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Fast Comment NorwayPreview: CPI-ATE, manufacturing output and credit indicator growth

  1. CPI-ATE expected at 1.2 percent in July, up from 1.1 percent in June
  2. In line with Norges Bank
  3. Probably higher manufacturing output, but lower debt growth in June
CPI-ATE expected at 1.2 percent in July, up from 1.1 percent in June
The daily report will return tomorrow morning and here is a quick run through of the key data that will be released this week. We will see figures for both manufacturing output and credit indicator growth in June (Tuesday and Thursday, respectively), but most importantly we will see July data for core inflation (Friday). Starting off with the latter, recall that Norges Bank lowered its near-term estimates for the CPI-ATE in the June Monetary Policy report; a wise choice, as the outcome for June (1.1 percent) matched the Bank’s estimate (as well as our own and consensus). We also stick to Norges Bank’s estimate for July, which implies a small rise in the y-o-y rate, to 1.2 percent for the CPI-ATE. However, that requires a relatively solid monthly change, compared to the long-run average for July. This pattern has, however, changed over the past few years; i.e. since 2013 the July readings have been well above the historical norm. We believe the same was repeated in July this year, which should give a small rise in the y-o-y rate. Finally, the usual reminder: these figures are volatile throughout the summer months, and thus we prefer to smooth through June-August before jumping to conclusions. So far, however, developments have been in line with Norges Bank’s estimates.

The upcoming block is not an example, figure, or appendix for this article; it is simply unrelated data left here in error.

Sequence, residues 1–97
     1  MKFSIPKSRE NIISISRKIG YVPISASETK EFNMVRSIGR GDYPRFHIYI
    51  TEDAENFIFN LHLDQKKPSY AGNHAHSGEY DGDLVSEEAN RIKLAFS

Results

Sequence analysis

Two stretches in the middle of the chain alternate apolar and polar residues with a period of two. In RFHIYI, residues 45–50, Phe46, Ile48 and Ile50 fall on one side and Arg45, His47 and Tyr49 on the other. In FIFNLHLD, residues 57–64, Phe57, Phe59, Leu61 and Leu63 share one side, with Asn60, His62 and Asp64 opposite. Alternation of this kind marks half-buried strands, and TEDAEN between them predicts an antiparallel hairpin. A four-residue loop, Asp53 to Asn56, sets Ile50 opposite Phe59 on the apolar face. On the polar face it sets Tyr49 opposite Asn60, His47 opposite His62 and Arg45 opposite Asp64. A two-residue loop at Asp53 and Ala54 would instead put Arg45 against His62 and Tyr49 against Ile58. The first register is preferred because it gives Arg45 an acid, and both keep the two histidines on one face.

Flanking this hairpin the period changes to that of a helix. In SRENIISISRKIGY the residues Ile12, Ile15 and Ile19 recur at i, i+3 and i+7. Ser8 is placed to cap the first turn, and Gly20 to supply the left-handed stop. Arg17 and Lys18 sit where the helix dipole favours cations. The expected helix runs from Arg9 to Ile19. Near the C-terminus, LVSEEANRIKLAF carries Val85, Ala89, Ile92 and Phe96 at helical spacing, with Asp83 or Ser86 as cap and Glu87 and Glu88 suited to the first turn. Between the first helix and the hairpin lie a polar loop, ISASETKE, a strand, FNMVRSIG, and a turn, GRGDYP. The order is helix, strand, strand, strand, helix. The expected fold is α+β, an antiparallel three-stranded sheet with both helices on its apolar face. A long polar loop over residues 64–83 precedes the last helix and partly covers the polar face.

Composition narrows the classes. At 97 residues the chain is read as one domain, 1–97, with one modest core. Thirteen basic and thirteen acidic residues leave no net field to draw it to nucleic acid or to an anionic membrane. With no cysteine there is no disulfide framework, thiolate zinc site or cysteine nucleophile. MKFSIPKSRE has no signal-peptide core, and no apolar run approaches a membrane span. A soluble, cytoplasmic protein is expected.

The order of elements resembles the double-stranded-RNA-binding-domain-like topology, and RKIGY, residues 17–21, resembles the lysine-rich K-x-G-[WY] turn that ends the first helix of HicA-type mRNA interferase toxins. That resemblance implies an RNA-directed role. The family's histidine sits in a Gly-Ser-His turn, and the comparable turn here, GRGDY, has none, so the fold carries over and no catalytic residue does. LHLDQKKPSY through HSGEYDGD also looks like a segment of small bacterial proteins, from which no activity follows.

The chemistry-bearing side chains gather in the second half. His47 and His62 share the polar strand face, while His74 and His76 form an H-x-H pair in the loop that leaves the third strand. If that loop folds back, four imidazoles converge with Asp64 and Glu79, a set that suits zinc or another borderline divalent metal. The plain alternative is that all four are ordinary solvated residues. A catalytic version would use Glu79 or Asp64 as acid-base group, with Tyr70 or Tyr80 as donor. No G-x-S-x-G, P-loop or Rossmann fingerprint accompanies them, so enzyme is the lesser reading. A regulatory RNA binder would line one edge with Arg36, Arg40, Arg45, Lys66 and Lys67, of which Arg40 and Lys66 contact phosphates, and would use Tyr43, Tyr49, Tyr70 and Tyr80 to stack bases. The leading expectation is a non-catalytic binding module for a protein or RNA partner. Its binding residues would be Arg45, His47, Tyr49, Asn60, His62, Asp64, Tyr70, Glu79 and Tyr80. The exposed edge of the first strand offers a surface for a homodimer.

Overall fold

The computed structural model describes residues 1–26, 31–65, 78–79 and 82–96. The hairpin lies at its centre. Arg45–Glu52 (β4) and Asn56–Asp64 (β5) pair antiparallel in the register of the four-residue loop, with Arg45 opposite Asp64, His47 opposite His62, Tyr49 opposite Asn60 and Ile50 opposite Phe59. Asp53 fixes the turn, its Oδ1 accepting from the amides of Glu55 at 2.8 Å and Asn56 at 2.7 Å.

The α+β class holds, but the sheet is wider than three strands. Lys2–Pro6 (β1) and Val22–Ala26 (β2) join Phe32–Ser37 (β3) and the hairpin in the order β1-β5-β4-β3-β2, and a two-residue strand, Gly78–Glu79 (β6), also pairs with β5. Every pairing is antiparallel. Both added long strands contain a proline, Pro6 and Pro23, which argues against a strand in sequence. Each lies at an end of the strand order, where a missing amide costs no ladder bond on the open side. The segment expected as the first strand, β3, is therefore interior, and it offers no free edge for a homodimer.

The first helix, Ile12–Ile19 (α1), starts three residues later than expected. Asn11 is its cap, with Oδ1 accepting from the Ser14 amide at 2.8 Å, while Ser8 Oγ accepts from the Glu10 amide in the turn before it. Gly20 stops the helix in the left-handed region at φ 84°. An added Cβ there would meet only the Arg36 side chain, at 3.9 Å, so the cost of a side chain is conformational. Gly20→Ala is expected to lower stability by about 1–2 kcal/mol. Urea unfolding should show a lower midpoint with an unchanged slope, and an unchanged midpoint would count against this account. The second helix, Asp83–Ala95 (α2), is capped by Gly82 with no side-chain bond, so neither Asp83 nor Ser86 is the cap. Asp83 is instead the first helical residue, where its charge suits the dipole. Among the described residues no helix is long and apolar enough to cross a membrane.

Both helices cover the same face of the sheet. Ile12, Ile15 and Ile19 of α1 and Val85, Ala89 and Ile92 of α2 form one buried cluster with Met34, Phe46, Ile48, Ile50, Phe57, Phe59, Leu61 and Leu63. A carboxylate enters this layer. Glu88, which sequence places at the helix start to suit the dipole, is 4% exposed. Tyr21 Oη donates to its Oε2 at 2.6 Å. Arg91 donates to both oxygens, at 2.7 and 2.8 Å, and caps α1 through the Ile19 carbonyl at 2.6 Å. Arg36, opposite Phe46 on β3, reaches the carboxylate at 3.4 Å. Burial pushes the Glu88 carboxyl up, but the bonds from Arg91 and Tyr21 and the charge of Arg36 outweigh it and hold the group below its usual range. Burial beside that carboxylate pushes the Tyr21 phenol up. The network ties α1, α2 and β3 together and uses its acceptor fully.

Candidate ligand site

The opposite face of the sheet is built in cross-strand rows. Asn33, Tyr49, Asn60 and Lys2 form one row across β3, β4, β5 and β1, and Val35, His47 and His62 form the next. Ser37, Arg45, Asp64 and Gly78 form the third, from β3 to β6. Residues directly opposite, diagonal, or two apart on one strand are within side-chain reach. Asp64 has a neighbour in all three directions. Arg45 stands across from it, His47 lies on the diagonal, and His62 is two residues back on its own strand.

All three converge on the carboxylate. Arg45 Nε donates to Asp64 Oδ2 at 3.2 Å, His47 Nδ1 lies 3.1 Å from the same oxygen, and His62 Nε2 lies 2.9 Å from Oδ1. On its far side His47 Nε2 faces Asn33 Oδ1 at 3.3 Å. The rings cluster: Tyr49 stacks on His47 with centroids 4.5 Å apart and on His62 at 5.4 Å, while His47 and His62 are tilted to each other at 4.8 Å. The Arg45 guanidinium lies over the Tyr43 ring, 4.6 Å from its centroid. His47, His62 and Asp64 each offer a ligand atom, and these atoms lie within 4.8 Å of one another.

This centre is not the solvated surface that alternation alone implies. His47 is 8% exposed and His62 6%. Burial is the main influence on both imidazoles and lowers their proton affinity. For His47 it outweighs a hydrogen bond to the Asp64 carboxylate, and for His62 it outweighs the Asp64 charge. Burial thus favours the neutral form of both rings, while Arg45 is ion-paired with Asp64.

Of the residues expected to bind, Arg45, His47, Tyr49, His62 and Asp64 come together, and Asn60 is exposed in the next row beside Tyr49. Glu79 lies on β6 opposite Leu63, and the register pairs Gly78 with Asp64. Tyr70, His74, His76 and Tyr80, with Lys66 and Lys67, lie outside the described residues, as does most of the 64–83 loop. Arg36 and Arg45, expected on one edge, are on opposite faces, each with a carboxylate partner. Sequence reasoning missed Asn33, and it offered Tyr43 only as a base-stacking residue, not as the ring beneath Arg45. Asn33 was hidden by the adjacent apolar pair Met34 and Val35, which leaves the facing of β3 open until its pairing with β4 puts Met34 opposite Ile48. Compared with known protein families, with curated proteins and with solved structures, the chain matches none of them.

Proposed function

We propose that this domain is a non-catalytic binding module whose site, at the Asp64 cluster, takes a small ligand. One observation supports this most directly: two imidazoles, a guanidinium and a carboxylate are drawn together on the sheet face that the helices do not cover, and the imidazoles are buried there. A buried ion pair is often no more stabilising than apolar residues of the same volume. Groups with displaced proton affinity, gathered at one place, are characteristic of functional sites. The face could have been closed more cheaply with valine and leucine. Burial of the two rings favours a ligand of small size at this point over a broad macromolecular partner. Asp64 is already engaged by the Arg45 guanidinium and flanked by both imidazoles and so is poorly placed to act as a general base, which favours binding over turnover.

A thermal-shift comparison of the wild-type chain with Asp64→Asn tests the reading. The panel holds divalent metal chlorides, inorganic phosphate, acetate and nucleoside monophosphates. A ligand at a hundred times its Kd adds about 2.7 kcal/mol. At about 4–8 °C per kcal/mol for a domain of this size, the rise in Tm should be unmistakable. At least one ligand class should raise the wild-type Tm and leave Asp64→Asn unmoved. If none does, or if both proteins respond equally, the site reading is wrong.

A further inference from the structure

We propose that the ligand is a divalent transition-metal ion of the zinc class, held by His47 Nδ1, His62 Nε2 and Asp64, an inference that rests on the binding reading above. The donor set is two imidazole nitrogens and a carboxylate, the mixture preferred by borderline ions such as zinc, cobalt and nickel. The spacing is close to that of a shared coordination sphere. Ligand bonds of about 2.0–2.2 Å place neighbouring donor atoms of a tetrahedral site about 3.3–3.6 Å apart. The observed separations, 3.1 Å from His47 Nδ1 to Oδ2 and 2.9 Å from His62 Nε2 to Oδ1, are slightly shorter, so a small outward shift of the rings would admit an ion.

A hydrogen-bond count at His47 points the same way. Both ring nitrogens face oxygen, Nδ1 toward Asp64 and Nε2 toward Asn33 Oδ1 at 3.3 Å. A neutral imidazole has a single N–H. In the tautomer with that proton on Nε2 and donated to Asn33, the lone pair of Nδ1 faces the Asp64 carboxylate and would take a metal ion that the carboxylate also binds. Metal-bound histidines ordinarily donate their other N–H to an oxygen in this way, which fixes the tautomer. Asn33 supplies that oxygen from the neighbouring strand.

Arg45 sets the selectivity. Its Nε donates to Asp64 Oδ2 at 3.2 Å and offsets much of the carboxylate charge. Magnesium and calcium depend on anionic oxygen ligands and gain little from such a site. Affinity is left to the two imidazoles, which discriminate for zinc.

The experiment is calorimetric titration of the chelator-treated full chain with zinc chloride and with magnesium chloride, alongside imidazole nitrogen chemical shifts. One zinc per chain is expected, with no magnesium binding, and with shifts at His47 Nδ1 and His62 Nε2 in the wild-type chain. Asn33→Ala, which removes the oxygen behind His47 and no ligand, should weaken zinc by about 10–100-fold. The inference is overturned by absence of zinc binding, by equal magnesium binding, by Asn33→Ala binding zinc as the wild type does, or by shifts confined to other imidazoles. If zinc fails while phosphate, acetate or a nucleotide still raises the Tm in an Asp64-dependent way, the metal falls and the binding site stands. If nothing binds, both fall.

Probably higher manufacturing output, but lower debt growth in June
We expect to see manufacturing output up by 1.0 percent m-o-m in June, following the disappointing decline in May (-0.7 percent). The recent decline in the manufacturing PMI got some attention, as it dropped down into a slightly contractionary territory. However, this indicator is fairly useless and we therefore pay more attention to the quarterly business tendency survey, which has continued to strengthen. Although we must admit manufacturing output has been a bit weaker than expected this year, the trend is still pointing upwards. Finally, with regards to credit indicator growth, we expect a slight decline in the y-o-y rate, to 5.9 percent (it was 6.0 percent in May). The key reason is a base-effect. To be more precise, underlying debt growth was very strong among the non-financial corporations in June last year. We doubt this was repeated this year, and thus we expect to see a significant decline in the annual growth rate for this sector, which again should be enough to lower the overall growth rate for the C2 total.


Disclaimer

Marius Gonsholt Hov

Senior Economist

Norway

maho60@handelsbanken.no

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